What's Maine got that California doesn't? No earthquakes, for one thing (but no Sonoma or Napa, either). Lower taxes. And oh yes—foie gras. Nearly two months into the Golden State's ban on the luxury liver, Colin Sargent of Portland Monthly magazine suggests that fans not just of foie, but of the innovative food scene that used to exist in California, should now flock to Maine.
(Chef Krista Kern Desjarlais of Bresca) likes comparing gastronomic 21st century Maine to old California: I grew up just outside of San Francisco, so I agree with that. It definitely has that kind of Marin County spirit: old, dirty-cool, not hip cool. Really nice people. Kind of like the spirit of the 1970s when I was there.In addition to Desjarlais, who uses foie in a decadent version of the ice cream sandwich—"foie gras ice-cream with a toasted almond chocolate torte and pan-seared apricots with warm caramel sauce," Sargent also interviewed chefs Jeffrey Savage of On the Marsh in Kennebunk, Steve Corry of five fifty-five and Petite Jacqueline in Portland, Pierre Gignac of 98 Provence in Ogunquit and Jonathan Cartwright of The White Barn Inn in Kennebunk, who has this to say about the foie gras controversy:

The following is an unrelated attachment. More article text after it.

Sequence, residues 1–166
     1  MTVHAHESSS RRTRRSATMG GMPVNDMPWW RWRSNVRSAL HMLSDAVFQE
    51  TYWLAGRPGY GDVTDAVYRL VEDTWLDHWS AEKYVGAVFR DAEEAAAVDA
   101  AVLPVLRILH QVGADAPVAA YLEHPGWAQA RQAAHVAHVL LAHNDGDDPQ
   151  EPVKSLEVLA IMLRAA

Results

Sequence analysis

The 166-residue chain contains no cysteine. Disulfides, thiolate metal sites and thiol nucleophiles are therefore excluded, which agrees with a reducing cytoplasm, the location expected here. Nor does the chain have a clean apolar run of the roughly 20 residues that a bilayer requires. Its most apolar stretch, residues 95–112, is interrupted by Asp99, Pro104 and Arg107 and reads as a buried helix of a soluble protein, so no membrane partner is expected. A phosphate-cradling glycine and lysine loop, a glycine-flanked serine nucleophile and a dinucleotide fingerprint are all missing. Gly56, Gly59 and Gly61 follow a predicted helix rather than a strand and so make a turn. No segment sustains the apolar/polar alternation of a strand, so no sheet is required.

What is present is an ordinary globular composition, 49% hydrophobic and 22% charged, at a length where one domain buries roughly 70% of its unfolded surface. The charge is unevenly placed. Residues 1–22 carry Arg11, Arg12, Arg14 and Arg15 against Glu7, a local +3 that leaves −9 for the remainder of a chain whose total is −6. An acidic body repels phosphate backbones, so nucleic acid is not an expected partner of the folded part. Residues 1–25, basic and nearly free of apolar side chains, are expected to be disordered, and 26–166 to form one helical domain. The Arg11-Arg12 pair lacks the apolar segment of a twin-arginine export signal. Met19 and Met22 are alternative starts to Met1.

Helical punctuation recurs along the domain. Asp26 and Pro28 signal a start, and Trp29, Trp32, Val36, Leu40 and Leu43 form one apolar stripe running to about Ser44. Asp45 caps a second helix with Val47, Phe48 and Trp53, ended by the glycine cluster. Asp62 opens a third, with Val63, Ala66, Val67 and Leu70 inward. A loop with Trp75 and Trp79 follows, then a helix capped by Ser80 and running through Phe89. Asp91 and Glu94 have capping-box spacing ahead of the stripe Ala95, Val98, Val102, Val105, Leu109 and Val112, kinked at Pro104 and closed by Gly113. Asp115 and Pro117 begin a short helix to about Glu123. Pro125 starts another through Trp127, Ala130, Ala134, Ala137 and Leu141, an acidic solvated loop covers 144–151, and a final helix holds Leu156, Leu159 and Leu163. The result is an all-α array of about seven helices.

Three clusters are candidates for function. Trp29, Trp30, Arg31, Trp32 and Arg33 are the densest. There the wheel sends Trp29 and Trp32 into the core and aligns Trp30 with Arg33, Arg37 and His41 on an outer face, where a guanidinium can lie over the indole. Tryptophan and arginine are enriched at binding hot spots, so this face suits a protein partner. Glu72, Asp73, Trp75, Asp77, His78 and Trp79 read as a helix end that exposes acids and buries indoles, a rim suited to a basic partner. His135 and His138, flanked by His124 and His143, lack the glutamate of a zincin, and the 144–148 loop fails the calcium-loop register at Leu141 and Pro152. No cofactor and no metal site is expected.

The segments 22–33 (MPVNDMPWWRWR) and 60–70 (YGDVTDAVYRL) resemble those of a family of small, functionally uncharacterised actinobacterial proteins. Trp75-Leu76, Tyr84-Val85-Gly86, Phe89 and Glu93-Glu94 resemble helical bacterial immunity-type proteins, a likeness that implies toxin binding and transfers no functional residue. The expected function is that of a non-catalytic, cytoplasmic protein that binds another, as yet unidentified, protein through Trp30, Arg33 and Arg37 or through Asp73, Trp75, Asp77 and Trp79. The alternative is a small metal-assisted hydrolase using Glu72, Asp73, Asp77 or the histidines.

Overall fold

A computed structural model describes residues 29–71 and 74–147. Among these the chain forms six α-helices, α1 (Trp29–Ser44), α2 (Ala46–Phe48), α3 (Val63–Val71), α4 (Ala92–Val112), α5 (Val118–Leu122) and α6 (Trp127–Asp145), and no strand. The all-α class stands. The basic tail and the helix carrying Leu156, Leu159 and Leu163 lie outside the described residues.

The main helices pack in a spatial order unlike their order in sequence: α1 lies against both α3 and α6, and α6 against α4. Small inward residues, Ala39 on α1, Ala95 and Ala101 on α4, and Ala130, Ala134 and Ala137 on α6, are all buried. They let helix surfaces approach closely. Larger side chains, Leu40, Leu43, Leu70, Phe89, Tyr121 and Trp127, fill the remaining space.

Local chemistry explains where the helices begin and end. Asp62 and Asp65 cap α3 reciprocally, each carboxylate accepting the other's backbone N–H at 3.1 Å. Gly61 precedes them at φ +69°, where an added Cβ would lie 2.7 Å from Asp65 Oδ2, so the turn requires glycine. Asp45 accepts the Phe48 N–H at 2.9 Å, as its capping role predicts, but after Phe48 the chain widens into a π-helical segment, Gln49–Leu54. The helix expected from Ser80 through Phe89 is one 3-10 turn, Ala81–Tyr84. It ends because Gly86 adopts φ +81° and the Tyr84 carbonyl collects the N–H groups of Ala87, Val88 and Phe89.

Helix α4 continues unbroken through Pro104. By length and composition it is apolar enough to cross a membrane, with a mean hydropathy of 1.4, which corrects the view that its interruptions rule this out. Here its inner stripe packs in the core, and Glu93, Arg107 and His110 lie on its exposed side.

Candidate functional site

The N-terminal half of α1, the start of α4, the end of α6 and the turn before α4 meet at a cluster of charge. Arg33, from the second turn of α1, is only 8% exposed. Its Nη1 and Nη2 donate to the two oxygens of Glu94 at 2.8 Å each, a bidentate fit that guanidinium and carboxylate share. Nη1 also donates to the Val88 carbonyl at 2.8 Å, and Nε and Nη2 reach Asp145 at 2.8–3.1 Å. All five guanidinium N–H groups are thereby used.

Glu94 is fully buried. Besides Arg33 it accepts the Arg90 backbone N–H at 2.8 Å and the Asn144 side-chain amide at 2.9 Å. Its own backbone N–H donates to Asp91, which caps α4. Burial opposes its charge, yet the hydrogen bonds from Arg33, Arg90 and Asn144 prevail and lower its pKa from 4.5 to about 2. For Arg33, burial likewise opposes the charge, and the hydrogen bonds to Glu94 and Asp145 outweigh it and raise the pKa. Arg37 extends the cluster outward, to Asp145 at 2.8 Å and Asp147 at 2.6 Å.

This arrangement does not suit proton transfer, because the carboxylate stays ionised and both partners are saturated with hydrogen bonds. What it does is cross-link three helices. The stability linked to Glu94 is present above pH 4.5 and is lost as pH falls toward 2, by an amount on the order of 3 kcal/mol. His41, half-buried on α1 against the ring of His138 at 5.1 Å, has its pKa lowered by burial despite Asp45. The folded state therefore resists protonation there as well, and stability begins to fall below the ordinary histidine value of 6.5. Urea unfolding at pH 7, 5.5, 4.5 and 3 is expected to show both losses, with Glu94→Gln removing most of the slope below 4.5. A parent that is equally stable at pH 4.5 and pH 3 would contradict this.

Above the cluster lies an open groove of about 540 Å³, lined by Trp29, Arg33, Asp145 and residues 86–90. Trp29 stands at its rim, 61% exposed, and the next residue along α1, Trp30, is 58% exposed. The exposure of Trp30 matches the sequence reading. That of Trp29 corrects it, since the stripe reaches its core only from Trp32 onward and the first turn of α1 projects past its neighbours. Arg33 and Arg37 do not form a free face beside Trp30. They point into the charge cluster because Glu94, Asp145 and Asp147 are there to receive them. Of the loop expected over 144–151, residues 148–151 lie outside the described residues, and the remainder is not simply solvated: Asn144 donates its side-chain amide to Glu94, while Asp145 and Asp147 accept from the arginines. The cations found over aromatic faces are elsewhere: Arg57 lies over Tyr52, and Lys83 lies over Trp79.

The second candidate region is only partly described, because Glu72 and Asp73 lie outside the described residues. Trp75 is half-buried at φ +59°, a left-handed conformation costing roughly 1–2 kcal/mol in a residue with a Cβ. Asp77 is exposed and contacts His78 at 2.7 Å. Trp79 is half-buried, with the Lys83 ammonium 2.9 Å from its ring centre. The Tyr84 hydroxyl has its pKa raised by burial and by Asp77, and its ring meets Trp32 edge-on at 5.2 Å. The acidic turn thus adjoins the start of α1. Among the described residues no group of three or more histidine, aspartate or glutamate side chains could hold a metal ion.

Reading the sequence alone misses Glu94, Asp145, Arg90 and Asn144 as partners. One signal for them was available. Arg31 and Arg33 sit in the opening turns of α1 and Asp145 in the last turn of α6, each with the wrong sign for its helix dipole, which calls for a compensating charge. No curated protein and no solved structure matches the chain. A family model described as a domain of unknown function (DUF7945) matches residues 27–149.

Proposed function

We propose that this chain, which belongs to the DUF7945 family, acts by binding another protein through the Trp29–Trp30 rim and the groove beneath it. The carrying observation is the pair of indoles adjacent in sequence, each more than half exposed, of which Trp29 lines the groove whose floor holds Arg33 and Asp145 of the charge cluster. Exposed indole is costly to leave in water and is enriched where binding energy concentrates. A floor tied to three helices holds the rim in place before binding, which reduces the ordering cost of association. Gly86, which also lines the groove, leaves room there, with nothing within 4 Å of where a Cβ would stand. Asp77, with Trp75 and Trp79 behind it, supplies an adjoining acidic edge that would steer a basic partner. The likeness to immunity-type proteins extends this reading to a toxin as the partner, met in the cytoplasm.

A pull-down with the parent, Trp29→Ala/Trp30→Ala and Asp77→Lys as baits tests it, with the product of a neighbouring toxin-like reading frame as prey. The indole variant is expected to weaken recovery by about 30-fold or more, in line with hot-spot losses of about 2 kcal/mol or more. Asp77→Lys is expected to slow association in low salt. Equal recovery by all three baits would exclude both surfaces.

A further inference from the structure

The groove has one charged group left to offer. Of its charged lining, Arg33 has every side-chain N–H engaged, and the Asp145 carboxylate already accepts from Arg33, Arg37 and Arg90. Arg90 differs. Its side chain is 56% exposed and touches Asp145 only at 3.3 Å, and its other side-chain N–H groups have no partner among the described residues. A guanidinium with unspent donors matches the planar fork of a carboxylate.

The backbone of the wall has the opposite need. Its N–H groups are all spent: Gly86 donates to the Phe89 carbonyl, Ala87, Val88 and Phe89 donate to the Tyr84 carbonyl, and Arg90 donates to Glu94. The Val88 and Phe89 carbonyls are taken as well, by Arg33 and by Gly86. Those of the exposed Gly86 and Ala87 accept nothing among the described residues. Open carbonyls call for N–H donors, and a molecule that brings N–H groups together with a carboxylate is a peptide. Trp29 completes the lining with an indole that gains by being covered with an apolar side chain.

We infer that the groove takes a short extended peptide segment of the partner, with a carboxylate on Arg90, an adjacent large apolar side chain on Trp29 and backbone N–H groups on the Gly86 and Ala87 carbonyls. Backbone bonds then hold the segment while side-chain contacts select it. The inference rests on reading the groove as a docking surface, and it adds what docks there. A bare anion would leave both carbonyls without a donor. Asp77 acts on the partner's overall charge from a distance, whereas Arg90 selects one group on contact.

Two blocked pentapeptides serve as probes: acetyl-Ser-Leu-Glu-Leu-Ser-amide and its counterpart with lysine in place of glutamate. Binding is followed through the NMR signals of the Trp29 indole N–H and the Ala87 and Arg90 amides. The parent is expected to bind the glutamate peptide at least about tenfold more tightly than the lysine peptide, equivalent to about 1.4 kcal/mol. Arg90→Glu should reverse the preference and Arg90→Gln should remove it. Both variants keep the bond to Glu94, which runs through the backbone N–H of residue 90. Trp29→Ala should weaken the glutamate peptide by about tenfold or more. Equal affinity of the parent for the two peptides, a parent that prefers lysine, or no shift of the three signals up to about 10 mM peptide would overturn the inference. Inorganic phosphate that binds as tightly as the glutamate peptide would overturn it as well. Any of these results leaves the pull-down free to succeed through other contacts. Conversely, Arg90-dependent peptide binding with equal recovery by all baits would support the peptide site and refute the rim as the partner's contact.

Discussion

I think it's a shame. I don't want to sound barbaric about things, but you can take everything to an extreme. If someone has a conscience where they don't want foie gras, he or she doesn't have to order it, and as a result, demand will go down. Should we stop serving Maine lobster?
· Duck Tales: Behind Closed Doors In California, In The Open In Maine [PM]